The United Nations is an intergovernmental organization to promote international co-operation. A replacement for the ineffective League of Nations, the organization was established on 24 October 1945 after World War II in order to prevent another such conflict, at its founding, the UN had 51 member states, there are now 193. The headquarters of the UN is in Manhattan, New York City, further main offices are situated in Geneva and Vienna. The organization is financed by assessed and voluntary contributions from its member states, the UNs mission to preserve world peace was complicated in its early decades by the Cold War between the US and Soviet Union and their respective allies. The organization participated in actions in Korea and the Congo. After the end of the Cold War, the UN took on major military, the UN has six principal organs, the General Assembly, the Security Council, the Economic and Social Council, the Secretariat, the International Court of Justice, and the UN Trusteeship Council.
UN System agencies include the World Bank Group, the World Health Organization, the World Food Programme, UNESCO, the UNs most prominent officer is the Secretary-General, an office held by Portuguese António Guterres since 2017. Non-governmental organizations may be granted consultative status with ECOSOC and other agencies to participate in the UNs work, the organization won the Nobel Peace Prize in 2001, and a number of its officers and agencies have been awarded the prize. Other evaluations of the UNs effectiveness have been mixed, some commentators believe the organization to be an important force for peace and human development, while others have called the organization ineffective, corrupt, or biased. Following the catastrophic loss of life in the First World War, the earliest concrete plan for a new world organization began under the aegis of the US State Department in 1939. It incorporated Soviet suggestions, but left no role for France, four Policemen was coined to refer to four major Allied countries, United States, United Kingdom, Soviet Union, and China, which emerged in the Declaration by United Nations.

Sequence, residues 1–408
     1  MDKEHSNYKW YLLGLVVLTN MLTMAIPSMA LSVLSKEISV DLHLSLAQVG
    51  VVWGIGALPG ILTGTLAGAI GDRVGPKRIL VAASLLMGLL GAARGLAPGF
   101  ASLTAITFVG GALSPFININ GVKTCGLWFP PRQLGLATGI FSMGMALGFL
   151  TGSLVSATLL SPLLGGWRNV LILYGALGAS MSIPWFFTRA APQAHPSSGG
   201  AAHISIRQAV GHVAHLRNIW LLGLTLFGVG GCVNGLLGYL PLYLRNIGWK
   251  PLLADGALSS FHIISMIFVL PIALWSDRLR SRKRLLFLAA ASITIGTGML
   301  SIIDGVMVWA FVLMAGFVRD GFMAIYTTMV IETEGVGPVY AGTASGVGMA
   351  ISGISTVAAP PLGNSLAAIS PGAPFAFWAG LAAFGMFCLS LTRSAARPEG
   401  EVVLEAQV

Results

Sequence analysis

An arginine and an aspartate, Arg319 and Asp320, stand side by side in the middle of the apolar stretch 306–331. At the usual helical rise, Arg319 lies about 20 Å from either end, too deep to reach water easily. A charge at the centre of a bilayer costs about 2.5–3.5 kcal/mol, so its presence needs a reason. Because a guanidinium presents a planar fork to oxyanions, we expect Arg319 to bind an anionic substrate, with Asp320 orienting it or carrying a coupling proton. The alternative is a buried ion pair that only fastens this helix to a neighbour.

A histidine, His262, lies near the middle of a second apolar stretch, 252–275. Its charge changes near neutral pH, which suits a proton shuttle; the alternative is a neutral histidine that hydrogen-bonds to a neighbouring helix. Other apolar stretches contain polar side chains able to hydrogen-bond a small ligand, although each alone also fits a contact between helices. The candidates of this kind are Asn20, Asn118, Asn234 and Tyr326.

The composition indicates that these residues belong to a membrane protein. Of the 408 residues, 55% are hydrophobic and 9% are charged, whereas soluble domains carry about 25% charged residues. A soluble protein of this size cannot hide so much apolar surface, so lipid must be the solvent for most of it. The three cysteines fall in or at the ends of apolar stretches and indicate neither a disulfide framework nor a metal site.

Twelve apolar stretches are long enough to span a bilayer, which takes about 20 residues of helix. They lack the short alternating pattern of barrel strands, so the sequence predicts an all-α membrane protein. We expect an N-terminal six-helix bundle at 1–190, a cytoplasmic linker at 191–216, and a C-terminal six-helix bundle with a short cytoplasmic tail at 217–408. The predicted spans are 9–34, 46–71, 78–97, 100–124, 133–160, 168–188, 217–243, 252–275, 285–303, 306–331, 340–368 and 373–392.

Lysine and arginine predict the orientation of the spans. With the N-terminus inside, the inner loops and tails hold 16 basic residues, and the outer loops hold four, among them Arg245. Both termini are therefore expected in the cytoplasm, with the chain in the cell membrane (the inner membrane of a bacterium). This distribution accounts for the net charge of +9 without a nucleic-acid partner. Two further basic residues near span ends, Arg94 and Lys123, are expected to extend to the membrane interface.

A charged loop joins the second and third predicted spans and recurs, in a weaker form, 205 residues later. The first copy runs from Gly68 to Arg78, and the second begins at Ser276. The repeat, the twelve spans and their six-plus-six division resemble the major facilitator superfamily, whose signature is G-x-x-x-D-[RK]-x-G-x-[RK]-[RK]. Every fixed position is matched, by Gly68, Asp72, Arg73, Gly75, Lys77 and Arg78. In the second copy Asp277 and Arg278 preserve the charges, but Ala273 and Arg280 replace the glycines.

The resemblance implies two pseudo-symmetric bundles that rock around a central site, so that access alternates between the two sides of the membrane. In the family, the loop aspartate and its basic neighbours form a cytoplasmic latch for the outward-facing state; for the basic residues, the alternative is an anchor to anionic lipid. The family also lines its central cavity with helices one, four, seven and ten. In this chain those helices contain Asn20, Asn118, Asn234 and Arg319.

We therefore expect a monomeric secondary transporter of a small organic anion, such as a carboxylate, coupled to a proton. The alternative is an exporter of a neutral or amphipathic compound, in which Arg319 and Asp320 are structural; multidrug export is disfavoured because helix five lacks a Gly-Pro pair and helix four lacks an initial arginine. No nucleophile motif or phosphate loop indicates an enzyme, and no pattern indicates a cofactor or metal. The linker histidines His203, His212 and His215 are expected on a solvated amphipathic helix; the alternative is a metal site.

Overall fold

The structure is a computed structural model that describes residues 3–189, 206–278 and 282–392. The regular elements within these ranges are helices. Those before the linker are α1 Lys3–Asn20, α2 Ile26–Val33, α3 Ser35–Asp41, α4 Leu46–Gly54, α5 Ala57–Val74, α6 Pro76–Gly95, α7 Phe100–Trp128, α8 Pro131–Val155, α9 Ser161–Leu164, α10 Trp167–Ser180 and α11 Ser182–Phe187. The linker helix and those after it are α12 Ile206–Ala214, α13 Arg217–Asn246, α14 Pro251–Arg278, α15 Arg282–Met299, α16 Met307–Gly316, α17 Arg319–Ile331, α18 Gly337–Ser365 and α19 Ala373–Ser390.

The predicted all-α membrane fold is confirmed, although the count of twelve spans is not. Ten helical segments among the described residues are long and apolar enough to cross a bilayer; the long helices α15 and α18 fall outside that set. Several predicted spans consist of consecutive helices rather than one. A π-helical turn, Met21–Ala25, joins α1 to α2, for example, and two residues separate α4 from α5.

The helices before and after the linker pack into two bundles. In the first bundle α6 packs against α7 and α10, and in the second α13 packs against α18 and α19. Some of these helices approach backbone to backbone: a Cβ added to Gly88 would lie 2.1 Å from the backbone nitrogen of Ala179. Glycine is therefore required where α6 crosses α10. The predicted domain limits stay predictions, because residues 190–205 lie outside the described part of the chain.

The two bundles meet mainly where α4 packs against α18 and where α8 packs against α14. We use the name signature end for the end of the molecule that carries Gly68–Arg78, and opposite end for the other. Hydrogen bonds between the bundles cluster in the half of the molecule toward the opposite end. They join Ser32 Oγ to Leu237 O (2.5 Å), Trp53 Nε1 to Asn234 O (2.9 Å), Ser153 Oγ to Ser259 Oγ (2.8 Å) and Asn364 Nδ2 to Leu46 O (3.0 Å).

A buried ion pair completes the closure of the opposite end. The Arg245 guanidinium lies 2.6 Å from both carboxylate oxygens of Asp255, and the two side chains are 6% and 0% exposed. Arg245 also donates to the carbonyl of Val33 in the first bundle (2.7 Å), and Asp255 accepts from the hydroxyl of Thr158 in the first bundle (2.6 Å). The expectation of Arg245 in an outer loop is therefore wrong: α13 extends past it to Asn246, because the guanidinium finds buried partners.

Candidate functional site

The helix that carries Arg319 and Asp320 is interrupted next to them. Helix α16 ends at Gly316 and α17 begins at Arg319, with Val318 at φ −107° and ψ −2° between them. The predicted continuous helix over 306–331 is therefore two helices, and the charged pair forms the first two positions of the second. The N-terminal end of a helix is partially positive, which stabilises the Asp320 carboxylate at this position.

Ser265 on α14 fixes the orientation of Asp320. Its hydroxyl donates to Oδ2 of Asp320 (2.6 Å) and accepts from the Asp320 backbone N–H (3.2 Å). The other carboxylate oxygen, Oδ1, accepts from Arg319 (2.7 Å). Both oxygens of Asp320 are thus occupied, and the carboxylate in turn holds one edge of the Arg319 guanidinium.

Roosevelt first coined the term United Nations to describe the Allied countries, the term United Nations was first officially used when 26 governments signed this Declaration. One major change from the Atlantic Charter was the addition of a provision for religious freedom, by 1 March 1945,21 additional states had signed. Each Government pledges itself to cooperate with the Governments signatory hereto, the foregoing declaration may be adhered to by other nations which are, or which may be, rendering material assistance and contributions in the struggle for victory over Hitlerism. During the war, the United Nations became the term for the Allies. To join, countries had to sign the Declaration and declare war on the Axis, at the meetings, Lord Halifax deputized for Mr. Eden, Wellington Koo for T. V. Soong, and Mr Gromyko for Mr. Molotov. The first meetings of the General Assembly, with 51 nations represented, the General Assembly selected New York City as the site for the headquarters of the UN, and the facility was completed in 1952.
Its site—like UN headquarters buildings in Geneva and Nairobi—is designated as international territory, the Norwegian Foreign Minister, Trygve Lie, was elected as the first UN Secretary-General
United Nations Security Council